“Loss of Profits” or “Loss of Value:” Which Measure of Loss is Appropriate?
Karl D. Weisheit
The question of which measure of loss is appropriate, “Loss of Profits” or “Loss of Value,” has plagued many a lawyer. Loss of Profits has been the go to measure of a loss for many years, though Loss of Value has become more popular in recent years. This begs the question, “Which measure of loss is more appropriate?”
The answer (an expert’s disclaimer), of course, is, “It depends.” It depends on the jurisdiction and the facts and circumstances of the loss. Now that I have gotten the disclaimer out of the way, the real answer, in general, starts with another question, “Does the loss affect the target business temporarily or permanently?” If the loss is expected to affect the target business on a temporary basis, Loss of Profits is typically used as the measure of loss. If the loss is expected to affect the target business on a permanent basis, Loss of Value is typically used as the measure of loss. Additionally, if the target business suffers a partial or total destruction, a Loss of Value calculation would typically be in order. (Exceptions do exist to this premise, particularly in contract situations, such as insurance agreements, where the insurance policy may dictate a Loss of Profits calculation even in a business destruction situation.)
And, sometimes these two methods are used together if there is a situation where you have a Loss of Profits for a temporary period of time followed by a Loss of Value for a permanent period of time.
Loss of Profits is typically determined by calculating the difference between the income stream that would have been earned “but for” the loss event and the income stream actually earned. Loss of Value is typically determined by calculating the difference between the values of the target business immediately prior to the loss event and immediately subsequent to the loss event.
In each measure of loss case, the analyst must determine which income stream to utilize in calculating the loss. Loss of Profits is often calculated utilizing net income (or profits) as the lost income stream, whereas Loss of Value calculations are typically calculated using some form of cash flows. The facts and circumstances surrounding the loss will determine the income stream to utilize.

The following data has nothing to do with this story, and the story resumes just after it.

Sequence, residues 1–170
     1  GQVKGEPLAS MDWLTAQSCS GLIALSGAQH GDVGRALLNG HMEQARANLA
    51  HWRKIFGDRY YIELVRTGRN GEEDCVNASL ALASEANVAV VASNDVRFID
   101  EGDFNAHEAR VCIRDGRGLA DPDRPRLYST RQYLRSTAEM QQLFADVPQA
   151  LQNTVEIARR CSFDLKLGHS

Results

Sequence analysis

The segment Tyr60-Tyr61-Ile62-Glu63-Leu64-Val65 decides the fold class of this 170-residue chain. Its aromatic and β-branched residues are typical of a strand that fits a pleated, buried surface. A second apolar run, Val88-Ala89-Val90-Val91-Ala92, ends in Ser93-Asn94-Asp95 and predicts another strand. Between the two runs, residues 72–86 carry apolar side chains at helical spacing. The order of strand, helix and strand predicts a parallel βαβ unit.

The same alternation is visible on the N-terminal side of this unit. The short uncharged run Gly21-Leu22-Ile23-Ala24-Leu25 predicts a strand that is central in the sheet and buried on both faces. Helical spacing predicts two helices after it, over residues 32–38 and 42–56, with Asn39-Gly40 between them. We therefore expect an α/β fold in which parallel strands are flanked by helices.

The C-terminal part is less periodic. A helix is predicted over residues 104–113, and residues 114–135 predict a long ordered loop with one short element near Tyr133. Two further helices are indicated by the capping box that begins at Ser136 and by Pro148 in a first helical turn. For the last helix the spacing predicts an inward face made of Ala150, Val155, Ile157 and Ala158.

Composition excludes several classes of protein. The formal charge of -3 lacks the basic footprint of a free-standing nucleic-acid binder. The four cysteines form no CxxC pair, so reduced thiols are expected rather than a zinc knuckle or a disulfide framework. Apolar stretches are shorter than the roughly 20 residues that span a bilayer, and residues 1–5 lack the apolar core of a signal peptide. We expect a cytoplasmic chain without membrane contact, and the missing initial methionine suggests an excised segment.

When calculating Loss of Profits or Loss of Value, analysts typically perform projections utilizing income and expenses in the target business. Those income and expense projections are typically the same whether calculating Loss of Profits or Loss of Value.
One of the major differences between a Loss of Profits calculation and a Loss of Value calculation is that the Loss of Profits calculation, depending on the jurisdiction, is normally calculated utilizing information related to the target business that is known or knowable (often called the “Body of Knowledge”) up to the date of trial. Whereas a Loss of Value calculation, because it is a value calculation immediately prior and subsequent to the loss event, is normally calculated without the benefit of hindsight or the actual performance of the target business subsequent to the loss event.
Another difference between the calculations of Loss of Profits and Loss of Value may be in the discount rate utilized. In a Loss of Profits calculation where the period of loss is expected to extend beyond the date of trial, Loss of Profits expected to be incurred subsequent to the date of trial are usually discounted to present value as of the date of trial. In a Loss of Value calculation, income and expense projections are usually discounted to present value as of the date of the valuation. The discount rate utilized in calculations for Loss of Profits and Loss of Value may be the same or different depending on the type of income stream utilized in each of the calculations.
Different utilizations of income streams, discount rates, and the Body of Knowledge, can create significant differences in the measurement of the loss.
Many factors go into the “Loss of Profits” versus “Loss of Value” measure of loss decision. Consult your favorite financial damages expert to help you make the decision on which one, or both, is the right one for you to pursue in your specific case in order to calculate financial losses to a reasonable degree of certainty.
Karl D. Weisheit, CPA, CFF, CVA is a forensic accounting expert at HSNO in Dallas, Texas. He can be reached directly at (972) 980-5095 or at email@example.com.